case a cz so this might be what you're used to seeing for a lower case a uh but there's also a two storey lower case eh it was called a one story lower case a uh a two storey lower case, eh be like this guy um same thing with aggie lower case g is typically are often like this but super fun is it's a two story lower case cheap so if I were making a unique case off about I might choose to use this to story, eh uh just because it occupies a space differently and if you do a lower case g like this and you're trying to make it all fit in there might be fun to do it right this um cheese or another one a lower case t you can do like this or you can add a little hook on the end um same thing we're showing the difference between um a lower case you and anna capital you sometimes lower case you you'd be more likely to find something like this upper case you, uh be without that down stroke um okay, so unique case it was going to mean you can have a mix of upper and lower case letter forms if that's what you want tohave but nothing is breaking this um baseline or cap pipe um and then, uh get a little crazy and you're going to add a three d to it to so for three d letter forms um I don't see right at the word three d okay, you'll also notice when I sketch um a lot of times I do the full stroke with the overlap so if I'm trying to draw an h like this, I am not going to do thiss that is difficult for me I'm doing an h I start off like this and I'd rather go back in and erase those or, you know, do this much darker afterwards but it's a lot easier for me to get the proper spacing and proportions and make sure that this lines up properly uh then if I'm doing something like this so they'll notice me building up my letters that way that's why okay, so say the's air our letters that were started with and now we're going to go in and out of three d so you're going to want to think first about the direction that the late is coming from ah or the angle that you're you're facing these letters from um because I have a history with sign painting I tend teo do my drop shades or my three d's down and to the left that is simply because that's how sign painters tended to do it if you were doing in e fewer doing a drop shade on an e and you were painting uh if it goes down into the left, you d'oh, I want to stroke down one stroke across and then to underneath their this's your e um whereas if you did it down into the right you would have to do this and this and this and this and this and that so for a sign painter would be more work to have to do that many small strokes rather than this so I tend to always do things down into the left um by default but then I will play around with it from time to time but you'll notice that's how I I tend to do these um so if I'm thinking my light direction is coming from here, I'm gonna want a first sketch out all of these lines in the same direction before I make the full three d just to be sure they're consistent I find that if I do each letter one at a time, sometimes my angle will gradually shift as I go across but if I do this first, it gives me enough of a reminder you know, your hand is making the same movement over and over again it's a little bit easier to keep it consistent you can also take your pencil and see how it's lining up uh and while it's not relevant for this project, you know if you're working on grid paper you can always be looking to see okay, I'm going to boxes over and one box down for this drop shade and or this three d so you would know how to keep it consistent um I find where people have, uh, tend to have a lot of problem is with curves. So so if this is our o and we think about it, if our angle is going like this, we wantto think about what would be the extreme edges of this curve, so holding her, you, khun, like, maybe hold another pencil up to this or something to see, but the extreme points are going to be there, and they're given that we have a forty five degree angle. Uh, and then you want to think about essentially redrawing this exact curve, so the same place where this is hitting here is going to be where you pick up and start that curve again there. So this curve here is going to echo exactly from this point to this point, it's going to be the same curve there, um, and then you won't even see this. Okay, so pick your next word. Um, and you're going to do unique case lettering, uh, with, uh, three d to it? Yeah, they're part. So I did my unique case word with three d, and you'll see I have lower case farms for the n and the e and then an uppercase from for the l and the I and the sort of could go either way, I'm finding myself with a few awkward spaces in here. But I'm not really going to worry about that yet. Because later, I'm going to go through and do one full pass, um, of adding in mohr embellishments on flourishes and various things like that to fill in any spaces that aren't really working for me. So I'm more concerned now with making sure that the letter forms there, looking the way that I want and that they're in vaguely the place that I want them to be.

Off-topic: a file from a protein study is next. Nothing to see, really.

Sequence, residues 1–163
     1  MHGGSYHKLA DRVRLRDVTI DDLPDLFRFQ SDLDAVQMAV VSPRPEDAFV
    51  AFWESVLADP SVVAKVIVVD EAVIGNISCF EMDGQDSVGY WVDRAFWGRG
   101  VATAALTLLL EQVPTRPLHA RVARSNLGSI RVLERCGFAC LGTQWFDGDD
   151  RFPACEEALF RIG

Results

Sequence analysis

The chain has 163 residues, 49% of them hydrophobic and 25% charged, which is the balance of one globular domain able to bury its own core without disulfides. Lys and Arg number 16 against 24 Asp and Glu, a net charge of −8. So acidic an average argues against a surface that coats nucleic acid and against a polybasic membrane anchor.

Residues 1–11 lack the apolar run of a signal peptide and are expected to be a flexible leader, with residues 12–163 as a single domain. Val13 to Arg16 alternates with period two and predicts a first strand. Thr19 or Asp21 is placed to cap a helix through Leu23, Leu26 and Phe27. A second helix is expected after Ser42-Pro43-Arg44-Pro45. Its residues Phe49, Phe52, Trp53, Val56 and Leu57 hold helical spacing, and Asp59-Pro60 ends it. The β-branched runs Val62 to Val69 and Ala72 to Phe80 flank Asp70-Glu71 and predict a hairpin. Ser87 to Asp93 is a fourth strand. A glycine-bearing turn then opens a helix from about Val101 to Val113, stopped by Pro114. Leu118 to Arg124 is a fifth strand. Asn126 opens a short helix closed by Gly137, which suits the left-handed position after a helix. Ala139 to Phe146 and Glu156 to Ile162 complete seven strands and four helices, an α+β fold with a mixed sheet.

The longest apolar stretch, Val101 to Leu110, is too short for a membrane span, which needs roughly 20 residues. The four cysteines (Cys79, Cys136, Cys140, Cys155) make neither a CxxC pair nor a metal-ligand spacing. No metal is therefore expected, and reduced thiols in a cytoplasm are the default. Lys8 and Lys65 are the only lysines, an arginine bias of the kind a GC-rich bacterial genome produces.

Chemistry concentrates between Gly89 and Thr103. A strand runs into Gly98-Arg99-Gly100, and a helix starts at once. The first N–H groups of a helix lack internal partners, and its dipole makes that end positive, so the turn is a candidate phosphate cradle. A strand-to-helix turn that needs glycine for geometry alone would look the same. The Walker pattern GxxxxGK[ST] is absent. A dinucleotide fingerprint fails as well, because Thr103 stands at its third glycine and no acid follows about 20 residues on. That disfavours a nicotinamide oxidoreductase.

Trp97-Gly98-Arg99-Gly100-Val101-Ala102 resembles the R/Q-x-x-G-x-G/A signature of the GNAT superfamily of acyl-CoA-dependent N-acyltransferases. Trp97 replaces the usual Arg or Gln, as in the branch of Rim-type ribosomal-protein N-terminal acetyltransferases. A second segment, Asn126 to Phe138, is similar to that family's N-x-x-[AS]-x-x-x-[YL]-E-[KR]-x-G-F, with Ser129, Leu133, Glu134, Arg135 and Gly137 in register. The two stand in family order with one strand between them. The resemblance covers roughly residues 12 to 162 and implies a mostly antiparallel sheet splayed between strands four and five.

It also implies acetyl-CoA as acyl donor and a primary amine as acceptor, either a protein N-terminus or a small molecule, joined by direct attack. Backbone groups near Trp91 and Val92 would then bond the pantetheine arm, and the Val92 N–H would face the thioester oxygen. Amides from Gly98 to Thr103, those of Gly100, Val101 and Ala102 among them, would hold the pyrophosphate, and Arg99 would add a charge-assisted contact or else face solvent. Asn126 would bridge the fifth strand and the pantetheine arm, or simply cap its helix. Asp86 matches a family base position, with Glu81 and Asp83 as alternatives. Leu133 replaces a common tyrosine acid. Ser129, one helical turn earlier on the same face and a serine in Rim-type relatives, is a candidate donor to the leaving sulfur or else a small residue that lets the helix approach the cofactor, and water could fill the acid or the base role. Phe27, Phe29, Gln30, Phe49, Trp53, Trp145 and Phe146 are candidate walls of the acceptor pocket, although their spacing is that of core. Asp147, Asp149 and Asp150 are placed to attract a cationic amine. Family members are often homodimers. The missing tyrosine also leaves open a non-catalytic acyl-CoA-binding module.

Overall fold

Class Description